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Old 09-29-2010, 05:21 AM   #1
Mahir Barbaro
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Default Am I a Beginner?

Brief history: I've strength trained for football since my freshman year of HS (i'm 24 now), and about 10 months ago I was at my highest weight of 190lbs while on a fairly standard body building program. Through a series of events (diagnosed with major depression and in an intense program with the US Navy), I dropped to 160lbs in three months, and have been steady at my current weight of 170lbs for about 6 months. My question is this: since I've been focused primarily on conditioning, 5k-10k running, and leanness (word?) for 6 months, should I consider myself a beginner and start with a program like Starting Strength (just saw this on t-nation http://www.t-nation.com/free_online_...ll_beginners)?
Or due to my experience with weight lifting for football and general body building will I not be likely to experience the rapid weight/strength gains, and therefore should do a periodized plan like 5/3/1?
Goals are size and strength as fast as possible (i still remember what it felt like to be man sized ), with a keen eye on not overtraining due to the depression thing. Oh ya and I'm 5'11". Any help is appreciated!
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Old 09-29-2010, 06:09 AM   #2
Steven Low
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This can be answered by looking at your stats.

Height, weight, lift numbers in the core lifts (squat, DL, bench, press... also pullups, dips, rows if you prefer as well as Oly lifts)?

If your squat/DL isn't above about 1.8-2x bodyweight, and bench isn't above around 1.5x and press half of that then it's likely you're still a beginner

No need to get fancy... lift numbers basically decide whether you can still do linear progression in most cases
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Old 09-29-2010, 06:36 AM   #3
Geoffrey Thompson
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What Steven said, and also, it should sort of be the default to try linear progression first. It won't work for long (maybe only a few weeks) if you're not a "beginner", but it will help you find what level you're at and get you acclimated to real, dedicated strength training without "overtraining". I mean, if your squat is in the high 300s and you're squatting 3x per week, I don't think going back and trying "linear progression" is a great idea. It just won't work. If you're squatting once per week at that level, backing up a bit and using linear progression to "find your level" and get used to squatting 3x per week could be good - won't work long, but could be good. If you're not in the mid-to-high 300s, yeah, you should give linear progression a shot for however long it works for you, which may or may not be very long.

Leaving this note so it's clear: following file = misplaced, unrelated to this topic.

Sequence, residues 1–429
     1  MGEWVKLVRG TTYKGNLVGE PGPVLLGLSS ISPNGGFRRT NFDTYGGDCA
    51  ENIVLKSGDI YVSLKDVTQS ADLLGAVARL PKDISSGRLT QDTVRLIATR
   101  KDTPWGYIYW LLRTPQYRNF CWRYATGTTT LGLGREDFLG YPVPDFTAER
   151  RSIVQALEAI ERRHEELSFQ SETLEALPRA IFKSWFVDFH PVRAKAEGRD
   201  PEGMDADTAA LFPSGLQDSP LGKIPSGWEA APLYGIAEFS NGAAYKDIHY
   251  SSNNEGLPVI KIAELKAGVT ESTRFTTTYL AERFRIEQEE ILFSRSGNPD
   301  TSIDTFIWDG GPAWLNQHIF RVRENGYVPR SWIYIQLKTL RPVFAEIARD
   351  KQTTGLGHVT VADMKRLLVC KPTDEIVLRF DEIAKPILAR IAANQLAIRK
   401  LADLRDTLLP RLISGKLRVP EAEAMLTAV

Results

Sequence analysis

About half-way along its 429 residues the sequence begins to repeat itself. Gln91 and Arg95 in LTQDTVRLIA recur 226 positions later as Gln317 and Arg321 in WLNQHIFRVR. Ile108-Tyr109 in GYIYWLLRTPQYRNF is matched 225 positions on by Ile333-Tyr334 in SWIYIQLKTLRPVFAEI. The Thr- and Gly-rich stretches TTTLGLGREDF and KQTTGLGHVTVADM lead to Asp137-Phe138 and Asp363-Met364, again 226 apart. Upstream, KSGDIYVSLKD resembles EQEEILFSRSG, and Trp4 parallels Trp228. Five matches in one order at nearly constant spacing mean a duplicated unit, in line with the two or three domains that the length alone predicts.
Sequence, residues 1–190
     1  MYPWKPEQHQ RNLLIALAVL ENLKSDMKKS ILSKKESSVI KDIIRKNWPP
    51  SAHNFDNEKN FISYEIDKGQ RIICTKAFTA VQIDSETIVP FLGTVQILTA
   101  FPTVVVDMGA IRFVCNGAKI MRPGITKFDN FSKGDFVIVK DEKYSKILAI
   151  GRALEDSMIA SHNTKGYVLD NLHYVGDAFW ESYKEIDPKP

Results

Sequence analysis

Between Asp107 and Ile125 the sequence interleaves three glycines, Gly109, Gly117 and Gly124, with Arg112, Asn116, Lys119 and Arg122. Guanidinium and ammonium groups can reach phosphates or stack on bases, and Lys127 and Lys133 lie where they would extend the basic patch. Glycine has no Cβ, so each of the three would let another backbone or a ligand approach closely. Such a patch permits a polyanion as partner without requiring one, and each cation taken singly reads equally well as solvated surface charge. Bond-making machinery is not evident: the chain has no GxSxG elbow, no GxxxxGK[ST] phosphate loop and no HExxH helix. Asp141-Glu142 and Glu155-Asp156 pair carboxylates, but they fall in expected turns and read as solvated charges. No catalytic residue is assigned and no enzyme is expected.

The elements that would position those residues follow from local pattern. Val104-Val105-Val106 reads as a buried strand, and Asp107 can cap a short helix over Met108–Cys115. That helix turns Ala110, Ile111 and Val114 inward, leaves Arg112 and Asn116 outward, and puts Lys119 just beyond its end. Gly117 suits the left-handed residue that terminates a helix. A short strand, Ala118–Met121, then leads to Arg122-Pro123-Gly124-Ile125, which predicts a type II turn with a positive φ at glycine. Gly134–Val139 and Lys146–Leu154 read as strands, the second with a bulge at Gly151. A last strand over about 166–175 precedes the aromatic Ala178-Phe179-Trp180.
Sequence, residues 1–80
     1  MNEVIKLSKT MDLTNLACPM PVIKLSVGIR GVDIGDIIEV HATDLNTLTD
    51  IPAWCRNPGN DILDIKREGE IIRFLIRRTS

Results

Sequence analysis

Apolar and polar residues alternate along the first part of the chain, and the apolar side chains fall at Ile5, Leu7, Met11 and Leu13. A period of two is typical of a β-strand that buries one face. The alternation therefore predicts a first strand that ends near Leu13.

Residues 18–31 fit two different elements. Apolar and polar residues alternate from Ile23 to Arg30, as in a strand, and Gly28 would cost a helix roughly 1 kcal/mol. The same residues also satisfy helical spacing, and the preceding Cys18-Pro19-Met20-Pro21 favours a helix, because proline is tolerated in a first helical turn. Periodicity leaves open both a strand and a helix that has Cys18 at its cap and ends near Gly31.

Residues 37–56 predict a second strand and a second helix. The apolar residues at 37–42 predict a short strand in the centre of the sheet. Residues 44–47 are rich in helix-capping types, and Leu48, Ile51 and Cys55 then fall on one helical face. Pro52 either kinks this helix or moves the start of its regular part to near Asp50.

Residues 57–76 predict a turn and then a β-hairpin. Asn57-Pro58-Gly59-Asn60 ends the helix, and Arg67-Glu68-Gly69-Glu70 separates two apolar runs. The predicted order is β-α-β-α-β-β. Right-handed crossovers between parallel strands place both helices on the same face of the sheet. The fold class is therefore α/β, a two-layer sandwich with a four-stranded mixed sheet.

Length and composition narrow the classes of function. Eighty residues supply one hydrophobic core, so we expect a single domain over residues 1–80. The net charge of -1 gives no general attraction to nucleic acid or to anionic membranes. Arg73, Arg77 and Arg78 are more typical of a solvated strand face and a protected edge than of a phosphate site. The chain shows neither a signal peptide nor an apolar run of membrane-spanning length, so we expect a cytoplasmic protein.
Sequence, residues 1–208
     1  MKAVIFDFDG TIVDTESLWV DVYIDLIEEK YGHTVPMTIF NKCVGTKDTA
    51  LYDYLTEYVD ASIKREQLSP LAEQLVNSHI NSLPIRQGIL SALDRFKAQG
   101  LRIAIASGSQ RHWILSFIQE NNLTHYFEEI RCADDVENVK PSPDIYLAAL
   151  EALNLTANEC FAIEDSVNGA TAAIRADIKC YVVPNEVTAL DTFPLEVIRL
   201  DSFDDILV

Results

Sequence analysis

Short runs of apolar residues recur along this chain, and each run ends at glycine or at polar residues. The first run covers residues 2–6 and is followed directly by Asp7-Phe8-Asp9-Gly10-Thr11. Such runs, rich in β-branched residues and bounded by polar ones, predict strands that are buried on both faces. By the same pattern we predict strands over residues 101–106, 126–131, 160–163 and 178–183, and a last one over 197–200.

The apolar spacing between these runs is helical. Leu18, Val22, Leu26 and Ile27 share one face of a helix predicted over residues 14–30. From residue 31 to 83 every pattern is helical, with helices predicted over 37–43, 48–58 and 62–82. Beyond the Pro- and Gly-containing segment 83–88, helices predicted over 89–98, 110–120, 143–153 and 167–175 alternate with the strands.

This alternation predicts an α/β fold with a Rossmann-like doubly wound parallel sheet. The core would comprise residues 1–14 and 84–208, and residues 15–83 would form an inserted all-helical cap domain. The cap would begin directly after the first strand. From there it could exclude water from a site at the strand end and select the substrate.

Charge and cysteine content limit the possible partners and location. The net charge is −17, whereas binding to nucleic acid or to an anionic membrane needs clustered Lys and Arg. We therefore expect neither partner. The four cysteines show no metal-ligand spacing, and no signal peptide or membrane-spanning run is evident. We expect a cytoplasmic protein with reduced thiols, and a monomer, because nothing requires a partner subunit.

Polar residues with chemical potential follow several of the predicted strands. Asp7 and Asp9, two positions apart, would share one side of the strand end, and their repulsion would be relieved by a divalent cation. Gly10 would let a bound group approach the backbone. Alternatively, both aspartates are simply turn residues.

Yeah, that article was written for you. You're a beginner.
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Old 09-29-2010, 08:31 AM   #4
Arien Malec
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While it won't hurt to do 5/3/1, starting with linear progression is a better first bet. The nice thing is that both are self-correcting, and there's almost no way to start too low.

Pick a weight that you can do for 3x5 in your sleep. If you start at 65% of max at a max of 300#, you are doing your max for 3 sets of 5 in 6 weeks. Reset once or twice, and then switch to 5/3/1.

The worst that will happen either way is 2 months of a suboptimal program.

Eating big will stave off overtraining, as will planned breaks.
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Old 09-29-2010, 09:38 AM   #5
Peter Dell'Orto
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Go with the advice you got here - regardless of your numbers. Try a linear program like Starting Strength and just see where it gets you. Start light and work up.

Once you start stalling out, re-set with the weights a little lower and try again.

After that stops working, look at something like 5/3/1.

Linear progression is so fast and easy you may as well try it - if your body doesn't respond like a beginner or doesn't for very long, at least you find that out quickly. If it does, you make the fastest progress. I say to ignore you own lift stats because it's hard to tell - my bench, squat, and deadlift aren't anywhere near what gets tossed around as results from Starting Strength, but I'm beyond getting much out of linear progress. On the other hand I have a client in his late thirties who finished his first deadlift workout after a long, long layoff with a nice set of 5 at more than my 1-rep max and just kept progressing linearly week after week for months. So why not go for a linear program and find out quickly where you are at?